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A migraine trigger is anything that brings on a migraine attack.
It doesn’t cause the migraine, it sets it off at any given time. Different things trigger migraines in different people. And the same trigger doesn’t always provoke a migraine in the same person. To complicate things, everyone is different – what triggers your migraine probably won’t trigger someone else’s.
Triggers should be thought of as risk factors. Several factors may actually spur an attack. Keep a migraine diary and look for patterns in your attacks. By determining your personal migraine threshold – the combination of triggers it takes to produce your migraine attack –you may be able to limit how often you get migraines and how severe they are. Triggers add up, so the fewer you have at one time, the better your chances of preventing a migraine.
Contrary to popular belief, there are no universal triggers, but here some commonly occurring ones:
Lifestyle Triggers: changes in sleep patterns, fasting, skipping meals, dehydration, alcohol, over-exertion, exercise, stress.
Environmental Triggers: strong smells, bright or flickering lights, smoke/pollution, altitude, air pressure (as in airplane travel), motion sickness (as in a car, train, and boat travel).
Weather-related Triggers: humidity (both high and low), sudden or big changes in temperature, changes in barometric pressure, bright sunlight.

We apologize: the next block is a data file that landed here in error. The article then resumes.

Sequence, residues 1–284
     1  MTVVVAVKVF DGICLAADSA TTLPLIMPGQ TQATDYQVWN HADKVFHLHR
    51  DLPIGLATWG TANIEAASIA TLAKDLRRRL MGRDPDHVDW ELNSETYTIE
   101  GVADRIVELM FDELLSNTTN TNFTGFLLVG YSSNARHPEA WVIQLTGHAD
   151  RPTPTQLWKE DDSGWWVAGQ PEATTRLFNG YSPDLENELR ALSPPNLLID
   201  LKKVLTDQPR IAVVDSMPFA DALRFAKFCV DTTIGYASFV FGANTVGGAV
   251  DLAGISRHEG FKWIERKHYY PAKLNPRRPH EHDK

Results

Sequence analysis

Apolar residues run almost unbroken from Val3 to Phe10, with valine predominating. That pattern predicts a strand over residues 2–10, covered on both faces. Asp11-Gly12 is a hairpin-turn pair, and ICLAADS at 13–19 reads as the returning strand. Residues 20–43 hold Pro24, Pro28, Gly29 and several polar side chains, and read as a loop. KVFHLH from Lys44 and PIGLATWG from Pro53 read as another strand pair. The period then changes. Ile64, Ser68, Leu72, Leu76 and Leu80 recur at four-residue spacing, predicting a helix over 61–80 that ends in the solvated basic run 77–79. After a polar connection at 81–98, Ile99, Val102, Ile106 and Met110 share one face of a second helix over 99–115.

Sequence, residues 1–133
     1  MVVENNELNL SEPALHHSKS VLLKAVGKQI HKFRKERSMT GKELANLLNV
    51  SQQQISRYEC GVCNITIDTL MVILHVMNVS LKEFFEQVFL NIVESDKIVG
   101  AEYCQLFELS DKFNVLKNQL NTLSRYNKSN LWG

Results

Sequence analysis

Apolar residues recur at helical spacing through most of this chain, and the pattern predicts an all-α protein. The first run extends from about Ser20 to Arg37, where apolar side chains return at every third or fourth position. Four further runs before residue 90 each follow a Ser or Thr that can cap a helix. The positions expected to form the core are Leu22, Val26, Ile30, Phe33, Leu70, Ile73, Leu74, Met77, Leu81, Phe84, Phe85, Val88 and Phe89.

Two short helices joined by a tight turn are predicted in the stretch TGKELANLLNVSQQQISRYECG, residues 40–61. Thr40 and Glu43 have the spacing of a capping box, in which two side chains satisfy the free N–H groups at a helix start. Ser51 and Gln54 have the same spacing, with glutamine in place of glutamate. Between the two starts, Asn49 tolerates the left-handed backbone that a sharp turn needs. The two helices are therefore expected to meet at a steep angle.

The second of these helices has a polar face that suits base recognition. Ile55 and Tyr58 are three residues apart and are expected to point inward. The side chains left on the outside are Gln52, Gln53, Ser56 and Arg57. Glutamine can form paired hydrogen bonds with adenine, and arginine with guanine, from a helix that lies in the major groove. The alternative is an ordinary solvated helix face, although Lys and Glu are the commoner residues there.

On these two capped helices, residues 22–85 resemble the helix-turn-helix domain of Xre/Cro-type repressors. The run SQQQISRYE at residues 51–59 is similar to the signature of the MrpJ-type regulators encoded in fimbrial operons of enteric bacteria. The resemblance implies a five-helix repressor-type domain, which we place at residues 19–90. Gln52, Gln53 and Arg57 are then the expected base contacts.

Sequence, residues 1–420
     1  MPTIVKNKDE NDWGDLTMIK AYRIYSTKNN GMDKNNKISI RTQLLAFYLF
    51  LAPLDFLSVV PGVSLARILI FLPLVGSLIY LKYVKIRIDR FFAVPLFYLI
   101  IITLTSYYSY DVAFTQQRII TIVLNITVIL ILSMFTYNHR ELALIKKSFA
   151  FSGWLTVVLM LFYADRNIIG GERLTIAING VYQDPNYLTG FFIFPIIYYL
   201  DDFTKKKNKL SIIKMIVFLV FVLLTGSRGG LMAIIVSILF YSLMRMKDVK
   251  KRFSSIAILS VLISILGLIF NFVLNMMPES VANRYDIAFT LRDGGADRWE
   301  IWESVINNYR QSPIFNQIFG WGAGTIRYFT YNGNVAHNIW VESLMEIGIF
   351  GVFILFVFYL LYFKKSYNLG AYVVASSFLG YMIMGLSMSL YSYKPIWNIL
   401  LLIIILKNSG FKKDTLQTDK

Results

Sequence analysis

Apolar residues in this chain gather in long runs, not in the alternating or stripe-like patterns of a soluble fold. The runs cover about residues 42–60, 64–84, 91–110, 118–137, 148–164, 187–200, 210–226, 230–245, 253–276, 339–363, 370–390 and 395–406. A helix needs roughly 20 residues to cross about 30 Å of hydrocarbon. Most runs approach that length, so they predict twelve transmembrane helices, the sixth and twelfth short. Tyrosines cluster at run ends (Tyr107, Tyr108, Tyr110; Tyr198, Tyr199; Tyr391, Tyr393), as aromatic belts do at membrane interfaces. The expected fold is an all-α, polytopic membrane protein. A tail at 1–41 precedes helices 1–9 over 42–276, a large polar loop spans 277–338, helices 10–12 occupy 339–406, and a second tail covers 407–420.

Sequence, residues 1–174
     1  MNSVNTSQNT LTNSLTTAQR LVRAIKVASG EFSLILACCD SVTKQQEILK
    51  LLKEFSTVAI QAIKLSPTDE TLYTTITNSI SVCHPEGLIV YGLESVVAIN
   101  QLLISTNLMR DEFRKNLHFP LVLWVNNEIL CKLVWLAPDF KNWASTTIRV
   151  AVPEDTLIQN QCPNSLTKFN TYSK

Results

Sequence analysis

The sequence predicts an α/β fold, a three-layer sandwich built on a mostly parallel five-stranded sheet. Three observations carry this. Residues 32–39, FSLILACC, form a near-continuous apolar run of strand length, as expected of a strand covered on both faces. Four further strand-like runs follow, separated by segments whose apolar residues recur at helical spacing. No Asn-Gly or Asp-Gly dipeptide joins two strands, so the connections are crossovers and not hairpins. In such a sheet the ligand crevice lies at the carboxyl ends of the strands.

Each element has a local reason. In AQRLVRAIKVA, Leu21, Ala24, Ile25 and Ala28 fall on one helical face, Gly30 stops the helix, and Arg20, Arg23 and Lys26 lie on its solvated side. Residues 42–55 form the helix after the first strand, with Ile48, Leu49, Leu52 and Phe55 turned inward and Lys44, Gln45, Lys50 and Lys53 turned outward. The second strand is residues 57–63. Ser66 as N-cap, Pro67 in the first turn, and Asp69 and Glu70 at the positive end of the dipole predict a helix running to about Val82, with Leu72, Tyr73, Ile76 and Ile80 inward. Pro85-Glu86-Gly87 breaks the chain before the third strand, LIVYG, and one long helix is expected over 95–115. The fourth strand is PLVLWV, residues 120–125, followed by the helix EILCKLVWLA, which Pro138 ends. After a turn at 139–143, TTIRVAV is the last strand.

Hormonal Triggers: changes in hormone levels, pregnancy, menstruation, menopause, hormone replacement therapy, oral contraceptives.
Medication Triggers: overuse of pain medications (both over-the-counter and prescription), oral contraceptives, medication side-effects.
Strong scientific evidence linking migraine to specific foods is lacking. If they’re present, food triggers differ among individuals, and specific foods may become triggers only when combined with other triggers. These foods and additives are often named as common triggers: artificial sweeteners, MSG (a flavor enhancer in many processed foods), nitrates (cured meats), and tyramines (fermented foods, aged cheeses, freshly baked yeast bread and cake), alcohol (especially red wine and beer), caffeine.
The information provided here should not be used for the diagnosis, treatment, or evaluation of any medical condition. The Migraine Research Foundation has made every effort to ensure that the information is accurate; however, we cannot warranty its reliability, completeness, or timeliness. © Migraine Research Foundation.